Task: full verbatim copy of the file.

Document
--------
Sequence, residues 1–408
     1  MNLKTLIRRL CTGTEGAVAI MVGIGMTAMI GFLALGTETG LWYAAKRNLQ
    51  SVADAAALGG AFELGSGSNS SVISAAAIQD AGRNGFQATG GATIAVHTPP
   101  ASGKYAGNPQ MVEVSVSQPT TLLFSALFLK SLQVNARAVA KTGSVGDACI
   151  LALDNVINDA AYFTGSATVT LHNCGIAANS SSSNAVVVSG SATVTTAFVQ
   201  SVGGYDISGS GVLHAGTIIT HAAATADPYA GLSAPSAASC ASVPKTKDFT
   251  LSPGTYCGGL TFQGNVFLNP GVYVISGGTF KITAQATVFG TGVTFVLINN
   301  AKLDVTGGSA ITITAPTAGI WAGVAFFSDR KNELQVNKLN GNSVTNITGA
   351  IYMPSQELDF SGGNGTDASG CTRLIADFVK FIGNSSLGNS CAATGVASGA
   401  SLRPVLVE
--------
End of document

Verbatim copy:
Sequence, residues 1–408
     1  MNLKTLIRRL CTGTEGAVAI MVGIGMTAMI GFLALGTETG LWYAAKRNLQ
    51  SVADAAALGG AFELGSGSNS SVISAAAIQD AGRNGFQATG GATIAVHTPP
   101  ASGKYAGNPQ MVEVSVSQPT TLLFSALFLK SLQVNARAVA KTGSVGDACI
   151  LALDNVINDA AYFTGSATVT LHNCGIAANS SSSNAVVVSG SATVTTAFVQ
   201  SVGGYDISGS GVLHAGTIIT HAAATADPYA GLSAPSAASC ASVPKTKDFT
   251  LSPGTYCGGL TFQGNVFLNP GVYVISGGTF KITAQATVFG TGVTFVLINN
   301  AKLDVTGGSA ITITAPTAGI WAGVAFFSDR KNELQVNKLN GNSVTNITGA
   351  IYMPSQELDF SGGNGTDASG CTRLIADFVK FIGNSSLGNS CAATGVASGA
   401  SLRPVLVE